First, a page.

Legal or Not July 2017
LEGAL OR NOT, by Brian Wolk, Heist, Weisse & Wolk, P.A.
Q: Due to some recent business closings in our city, our apartment community served a large number of 3-day notices this month. The rent is due on the first of the month, and according to our lease, the late fee is triggered on the fifth of the month. One of our residents is playing loud music late at night. Residents also report drug activity at this apartment home, but the police have neither been called out, nor have any arrests been made, so we are unable to serve the resident with a termination notice for the criminal activity. We decided to catch the resident off guard and serve him a 3-day notice on the fourth of the month, instead of waiting until the sixth of the month like we did with all our other residents behind on the rent. We did not include a late fee in the amount demanded. Just as we thought, the resident did not pay the rent prior to the expiration of the 3-day notice. Will we have any issues if we attempt to evict the resident for nonpayment of rent?
A: It is never a good idea to attempt to evict for nonpayment of rent if your real reason for filing an eviction action is unrelated to the nonpayment of rent. Serving the resident a 3-day day notice very early in the month is an easy clue to a judge that the nonpayment of rent eviction may be a seven-day notice eviction case in disguise. Judges will be less than happy if that is the case. Judges require property managers to use the seven-day notice process if evicting for reasons other than nonpayment of rent. Also, since you are treating the resident differently by serving the 3-day notice earlier than normal, your company may become vulnerable in an eviction lawsuit for not following normal default procedures, and if the resident is a member of a protected class, there could even be fair housing law ramifications. Even though the lease requires rent to be paid on the first of the month, it also states that the late fee will not be assessed if the rent is paid before the fifth of the month. Some judges may believe the lease language means that rent is not truly late until after the fourth of the month. If the resident obtains an attorney, contests the eviction and prevails in court, your company could be liable for the resident’s attorney’s fees, an amount which could be significant.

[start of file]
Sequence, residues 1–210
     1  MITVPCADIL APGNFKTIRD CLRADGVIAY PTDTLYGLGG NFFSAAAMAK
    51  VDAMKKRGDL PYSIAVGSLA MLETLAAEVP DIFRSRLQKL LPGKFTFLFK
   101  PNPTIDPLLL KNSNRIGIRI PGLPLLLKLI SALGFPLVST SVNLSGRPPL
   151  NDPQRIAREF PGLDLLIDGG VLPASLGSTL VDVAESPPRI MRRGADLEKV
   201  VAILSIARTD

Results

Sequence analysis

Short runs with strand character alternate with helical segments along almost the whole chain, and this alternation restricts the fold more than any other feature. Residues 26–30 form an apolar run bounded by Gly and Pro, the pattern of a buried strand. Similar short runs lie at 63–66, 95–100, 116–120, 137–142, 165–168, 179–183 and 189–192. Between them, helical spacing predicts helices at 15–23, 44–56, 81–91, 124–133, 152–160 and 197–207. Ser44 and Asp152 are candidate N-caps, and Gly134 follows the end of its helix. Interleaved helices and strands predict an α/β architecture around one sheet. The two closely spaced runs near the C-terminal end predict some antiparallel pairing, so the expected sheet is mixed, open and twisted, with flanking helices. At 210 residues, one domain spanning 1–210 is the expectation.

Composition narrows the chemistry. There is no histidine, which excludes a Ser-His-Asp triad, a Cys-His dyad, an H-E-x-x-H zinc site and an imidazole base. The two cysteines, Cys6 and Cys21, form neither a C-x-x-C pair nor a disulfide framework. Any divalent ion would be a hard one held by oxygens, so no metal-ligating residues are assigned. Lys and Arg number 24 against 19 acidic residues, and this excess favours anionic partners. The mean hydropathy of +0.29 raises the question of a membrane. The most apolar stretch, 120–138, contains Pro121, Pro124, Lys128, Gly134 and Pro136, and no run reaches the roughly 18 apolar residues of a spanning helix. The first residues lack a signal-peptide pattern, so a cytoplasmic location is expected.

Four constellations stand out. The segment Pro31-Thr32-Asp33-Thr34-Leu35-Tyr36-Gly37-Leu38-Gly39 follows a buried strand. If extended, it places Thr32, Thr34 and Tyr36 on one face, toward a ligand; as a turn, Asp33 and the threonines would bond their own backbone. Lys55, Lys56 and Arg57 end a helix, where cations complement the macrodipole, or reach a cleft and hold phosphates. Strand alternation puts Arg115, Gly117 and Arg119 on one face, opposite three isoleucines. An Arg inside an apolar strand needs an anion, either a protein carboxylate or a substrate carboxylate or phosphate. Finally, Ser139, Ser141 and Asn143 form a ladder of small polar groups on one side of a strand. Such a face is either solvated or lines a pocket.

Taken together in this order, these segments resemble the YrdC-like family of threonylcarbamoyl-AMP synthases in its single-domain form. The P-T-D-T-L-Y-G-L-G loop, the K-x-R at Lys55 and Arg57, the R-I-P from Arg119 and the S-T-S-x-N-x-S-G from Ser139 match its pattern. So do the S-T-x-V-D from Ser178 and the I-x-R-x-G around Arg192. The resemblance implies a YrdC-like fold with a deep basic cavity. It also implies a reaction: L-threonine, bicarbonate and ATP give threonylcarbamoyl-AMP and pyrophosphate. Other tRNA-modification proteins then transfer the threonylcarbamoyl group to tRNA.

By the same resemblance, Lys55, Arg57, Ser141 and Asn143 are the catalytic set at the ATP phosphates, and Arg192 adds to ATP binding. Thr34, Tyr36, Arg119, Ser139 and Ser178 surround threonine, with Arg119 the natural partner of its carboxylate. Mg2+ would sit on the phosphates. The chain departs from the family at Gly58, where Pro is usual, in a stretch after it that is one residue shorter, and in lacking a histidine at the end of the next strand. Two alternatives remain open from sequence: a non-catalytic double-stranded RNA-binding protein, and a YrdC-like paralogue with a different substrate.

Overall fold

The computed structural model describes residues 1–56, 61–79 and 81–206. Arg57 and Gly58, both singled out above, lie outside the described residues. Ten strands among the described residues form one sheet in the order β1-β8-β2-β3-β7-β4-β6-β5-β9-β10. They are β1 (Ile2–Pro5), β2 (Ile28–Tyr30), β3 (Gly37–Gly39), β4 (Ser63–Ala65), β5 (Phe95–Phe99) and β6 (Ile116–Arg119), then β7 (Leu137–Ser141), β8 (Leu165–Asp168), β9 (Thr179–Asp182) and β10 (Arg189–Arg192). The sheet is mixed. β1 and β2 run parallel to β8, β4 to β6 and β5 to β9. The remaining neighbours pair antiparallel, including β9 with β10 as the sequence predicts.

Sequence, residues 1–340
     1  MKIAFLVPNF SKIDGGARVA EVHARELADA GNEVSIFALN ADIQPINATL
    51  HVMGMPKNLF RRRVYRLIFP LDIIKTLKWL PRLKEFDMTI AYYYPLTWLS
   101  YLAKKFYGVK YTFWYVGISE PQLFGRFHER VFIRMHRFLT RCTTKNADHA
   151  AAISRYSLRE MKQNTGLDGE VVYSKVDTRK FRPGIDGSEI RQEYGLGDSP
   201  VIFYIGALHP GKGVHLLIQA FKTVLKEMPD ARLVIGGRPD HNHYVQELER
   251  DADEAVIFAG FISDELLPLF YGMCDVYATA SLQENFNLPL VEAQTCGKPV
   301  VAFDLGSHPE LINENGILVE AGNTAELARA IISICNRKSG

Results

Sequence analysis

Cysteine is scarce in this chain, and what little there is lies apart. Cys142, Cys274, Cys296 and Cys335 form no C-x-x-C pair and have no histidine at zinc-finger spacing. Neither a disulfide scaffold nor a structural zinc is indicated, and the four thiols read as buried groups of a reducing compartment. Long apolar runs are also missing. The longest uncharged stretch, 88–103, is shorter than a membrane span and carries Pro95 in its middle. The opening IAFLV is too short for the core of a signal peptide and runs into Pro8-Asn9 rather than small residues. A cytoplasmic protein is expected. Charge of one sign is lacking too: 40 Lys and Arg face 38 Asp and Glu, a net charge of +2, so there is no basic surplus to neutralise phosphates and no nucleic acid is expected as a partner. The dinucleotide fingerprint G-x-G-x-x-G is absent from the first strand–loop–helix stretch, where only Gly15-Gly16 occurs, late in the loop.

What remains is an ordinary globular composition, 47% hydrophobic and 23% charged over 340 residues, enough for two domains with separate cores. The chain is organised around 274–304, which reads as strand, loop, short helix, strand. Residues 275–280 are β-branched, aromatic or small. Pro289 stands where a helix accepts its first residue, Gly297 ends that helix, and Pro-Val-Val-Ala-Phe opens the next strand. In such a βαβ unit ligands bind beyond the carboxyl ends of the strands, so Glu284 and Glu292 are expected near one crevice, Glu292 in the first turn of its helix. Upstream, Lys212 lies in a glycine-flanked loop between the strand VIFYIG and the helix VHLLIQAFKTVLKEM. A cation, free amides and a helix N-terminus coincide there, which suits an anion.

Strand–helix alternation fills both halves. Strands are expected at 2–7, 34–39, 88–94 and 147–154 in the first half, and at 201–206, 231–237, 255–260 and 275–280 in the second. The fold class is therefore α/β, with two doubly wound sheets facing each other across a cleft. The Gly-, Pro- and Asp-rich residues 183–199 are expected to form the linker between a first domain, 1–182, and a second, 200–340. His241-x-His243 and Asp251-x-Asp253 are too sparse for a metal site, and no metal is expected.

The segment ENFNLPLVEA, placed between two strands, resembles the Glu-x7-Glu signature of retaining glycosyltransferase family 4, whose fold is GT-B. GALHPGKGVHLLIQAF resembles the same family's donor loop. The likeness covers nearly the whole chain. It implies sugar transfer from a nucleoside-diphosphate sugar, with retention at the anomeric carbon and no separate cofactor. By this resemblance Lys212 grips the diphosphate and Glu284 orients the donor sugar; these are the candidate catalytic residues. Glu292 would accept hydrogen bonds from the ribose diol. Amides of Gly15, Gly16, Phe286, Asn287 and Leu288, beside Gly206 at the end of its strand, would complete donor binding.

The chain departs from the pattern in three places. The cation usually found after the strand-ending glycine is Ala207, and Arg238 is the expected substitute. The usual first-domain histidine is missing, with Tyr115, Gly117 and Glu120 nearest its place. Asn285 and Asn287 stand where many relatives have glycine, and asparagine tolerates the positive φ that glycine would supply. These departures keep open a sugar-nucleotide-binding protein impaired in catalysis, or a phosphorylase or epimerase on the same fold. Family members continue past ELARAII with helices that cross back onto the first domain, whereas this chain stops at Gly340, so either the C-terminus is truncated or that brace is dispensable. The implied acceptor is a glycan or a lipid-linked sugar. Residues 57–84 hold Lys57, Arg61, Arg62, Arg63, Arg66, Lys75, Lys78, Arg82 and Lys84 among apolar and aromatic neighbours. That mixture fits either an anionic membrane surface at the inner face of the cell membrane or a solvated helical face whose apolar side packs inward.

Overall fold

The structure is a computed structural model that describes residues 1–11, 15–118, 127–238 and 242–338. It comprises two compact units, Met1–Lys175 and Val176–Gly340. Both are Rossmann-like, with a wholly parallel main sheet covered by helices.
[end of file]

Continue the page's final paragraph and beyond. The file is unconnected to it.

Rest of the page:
Q: Several months ago our office processed an application, accepted the applicant, and the applicant moved into the apartment home. Yesterday we received phone call from our courtesy security officer that this resident had been arrested before for a serious crime, and that the judge withheld adjudication. Our staff is very upset about this situation. We feel misled, as the resident never told us about this. On the application the resident indicated that he had no criminal convictions. We only ask if the applicant has any criminal convictions. Can we evict this resident for misrepresenting facts on his application?